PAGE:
Was in Mexico, didn’t buy anything, my mom was with me. We were checking out prices for her medications. She takes many. Anyway, here are a few I checked on for you guys: Oxyflux clenbuterol (generic clen) 500/2mcg tabs for $8; Cynomel (Cytomel) 100/25mcg tabs for $6; Serofene clomifeno (clomid) 10/50mg tabs for $4. Of course all the rest … sostenon for $11, reforvit for $35, finasterida (if you want the 1mg tabs) 28/1mg tabs for $47. Tons of Brovel, gh, sten, etc. I didn’t get anymore prices, again, since my mom was with me.
Just wondering if anyone has shared this experience: I’ve shopped the TJ pharmacy scene by myself several times. Recently, I made the trip with a couple of hispanic friends (I’m caucasion). To my amazement, the prices seemed to be slightly lower when I had them ask for me. Also, there seemed to be a lot less hassle and easier access to a variety of products. I expected this sort of thing with souveneirs and regular merchandise, but I thought the pharmacies were based on set prices.
Ken, I haven’t done TJ yet, but am planning on it really soon. How did you get it back into the US? On your person or did you drive across?
This aspect of the whole thing is the part that freaks my shit out!
It is not that hard to carry the gear back with you. I used to go down with a couple of buddies in the late afternoon, stay until it got dark and just stash it in a very inconspicuous spot. The federales do not stop all cars and usually only stop cars that look suspicious. Do not draw a lot of attention to yourselves. This means do not be rowdy or travel in fancy car. Low pro is the way to go.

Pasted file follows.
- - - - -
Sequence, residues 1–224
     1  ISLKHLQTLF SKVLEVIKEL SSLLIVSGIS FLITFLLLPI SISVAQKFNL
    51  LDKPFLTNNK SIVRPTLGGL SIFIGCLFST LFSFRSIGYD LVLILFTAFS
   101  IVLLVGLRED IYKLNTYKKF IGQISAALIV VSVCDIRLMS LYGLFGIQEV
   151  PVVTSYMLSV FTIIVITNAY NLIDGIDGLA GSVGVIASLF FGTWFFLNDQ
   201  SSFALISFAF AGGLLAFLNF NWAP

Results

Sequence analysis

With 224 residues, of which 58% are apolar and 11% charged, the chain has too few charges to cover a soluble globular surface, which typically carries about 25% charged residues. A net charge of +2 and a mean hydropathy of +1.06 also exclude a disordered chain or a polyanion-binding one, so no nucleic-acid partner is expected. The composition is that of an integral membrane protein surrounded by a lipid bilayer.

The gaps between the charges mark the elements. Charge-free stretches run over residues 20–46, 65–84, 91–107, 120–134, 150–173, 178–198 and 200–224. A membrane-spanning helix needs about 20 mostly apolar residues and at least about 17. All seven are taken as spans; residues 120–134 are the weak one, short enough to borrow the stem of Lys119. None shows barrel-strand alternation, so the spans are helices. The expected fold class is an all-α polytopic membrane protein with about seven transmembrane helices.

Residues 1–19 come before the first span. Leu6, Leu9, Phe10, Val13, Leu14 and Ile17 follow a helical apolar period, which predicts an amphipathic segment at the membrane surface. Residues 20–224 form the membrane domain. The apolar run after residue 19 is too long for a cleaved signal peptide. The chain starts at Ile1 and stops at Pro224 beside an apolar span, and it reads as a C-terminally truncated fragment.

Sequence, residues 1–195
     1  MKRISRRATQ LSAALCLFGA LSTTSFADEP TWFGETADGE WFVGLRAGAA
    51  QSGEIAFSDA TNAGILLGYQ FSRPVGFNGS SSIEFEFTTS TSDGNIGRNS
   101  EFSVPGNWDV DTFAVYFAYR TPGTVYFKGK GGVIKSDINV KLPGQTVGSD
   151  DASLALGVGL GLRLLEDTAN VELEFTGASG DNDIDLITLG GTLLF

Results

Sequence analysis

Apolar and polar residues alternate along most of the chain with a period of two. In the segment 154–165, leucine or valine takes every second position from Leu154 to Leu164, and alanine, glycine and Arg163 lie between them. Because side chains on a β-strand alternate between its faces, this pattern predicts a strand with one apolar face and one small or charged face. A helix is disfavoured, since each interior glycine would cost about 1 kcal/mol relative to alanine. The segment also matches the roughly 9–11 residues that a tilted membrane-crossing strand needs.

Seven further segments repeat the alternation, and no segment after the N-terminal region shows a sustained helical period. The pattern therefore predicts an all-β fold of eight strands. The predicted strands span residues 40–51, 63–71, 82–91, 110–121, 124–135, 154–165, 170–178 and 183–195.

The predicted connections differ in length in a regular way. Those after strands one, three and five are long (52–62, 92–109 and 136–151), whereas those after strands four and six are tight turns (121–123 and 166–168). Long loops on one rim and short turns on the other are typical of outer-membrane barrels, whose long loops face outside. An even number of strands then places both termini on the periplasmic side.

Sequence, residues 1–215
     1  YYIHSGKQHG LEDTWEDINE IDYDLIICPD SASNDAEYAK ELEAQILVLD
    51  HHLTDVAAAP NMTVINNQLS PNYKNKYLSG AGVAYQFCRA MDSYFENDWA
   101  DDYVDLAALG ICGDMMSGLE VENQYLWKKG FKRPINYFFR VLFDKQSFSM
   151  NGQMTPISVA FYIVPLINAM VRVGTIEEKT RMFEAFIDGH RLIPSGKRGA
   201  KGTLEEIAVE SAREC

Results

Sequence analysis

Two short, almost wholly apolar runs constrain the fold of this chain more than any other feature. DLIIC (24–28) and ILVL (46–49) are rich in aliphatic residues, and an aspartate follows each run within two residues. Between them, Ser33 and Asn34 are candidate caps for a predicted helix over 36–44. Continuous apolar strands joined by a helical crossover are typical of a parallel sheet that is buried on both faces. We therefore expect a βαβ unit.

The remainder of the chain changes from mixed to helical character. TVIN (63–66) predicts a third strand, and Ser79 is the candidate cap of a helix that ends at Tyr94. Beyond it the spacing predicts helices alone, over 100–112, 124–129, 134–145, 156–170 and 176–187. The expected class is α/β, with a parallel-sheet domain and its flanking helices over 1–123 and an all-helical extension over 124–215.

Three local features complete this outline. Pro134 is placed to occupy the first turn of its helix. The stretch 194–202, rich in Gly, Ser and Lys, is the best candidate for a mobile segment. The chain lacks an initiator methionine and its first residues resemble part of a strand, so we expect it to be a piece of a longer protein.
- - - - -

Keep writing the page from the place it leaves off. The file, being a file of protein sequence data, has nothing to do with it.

Oh, and in reference to what Ken said, they are definitely more friendly towards hispanic people. I have had good luck in the pharmacies when I speak Spanish to the clerk. They tend to cut me a little break.
Yeah, not recommending that you do it, but it is easy to do. I came across from TJ once, was down in Ensenada, was driving in a truck by myself. The border patrol (woman) after asking if I had anything to declare, reached back behind my truck bench seat. I leaned forward, out of instinct, and she pulled her hand out. She let me pass. I was shittin, let me tell you. Luckily, I didn’t instinctively push back against the seat or look worried.
I recently came across with my mom in tow. I was driving a camaro convertible. The agent stopped me, asked a few more questions than I cared to answer, even though I didn’t have anything, you still feel like a criminal.
I was also stopped “going into” Mexico on this last trip, because as XXX says, don’t drive a nice car. they looked in the trunk, I helped them lift up suitcases to see to the bottom of my trunk.
By the way do not take guns into mexico. You can do up to 5 years in a “mexican prison”, which ain’t no home and garden american prison. You can do up to 30 years for possession of multiple weapons.
I’ve always parked on the U.S. side and done TJ by foot. The Mexican authorities are practicaly a non issue at the border. The U.S. basically asks you to declare your citizenship and then waves you through. They sometimes put your bags through a quick x-ray or look inside, so it’s better to stick certain purchases on your body. Try crossing during busy periods, late afternoon to early evening. When it’s busy, they really don’t have time to be thorough. However, I think a lot of it has to do with your apperance and demenor. If you look like a typical day tourist, they won’t hassle you. If you go to TJ, make a day of it. In addition to visiting pharmacies, enjoy the city and have a good time. Actually be a typical day tourist.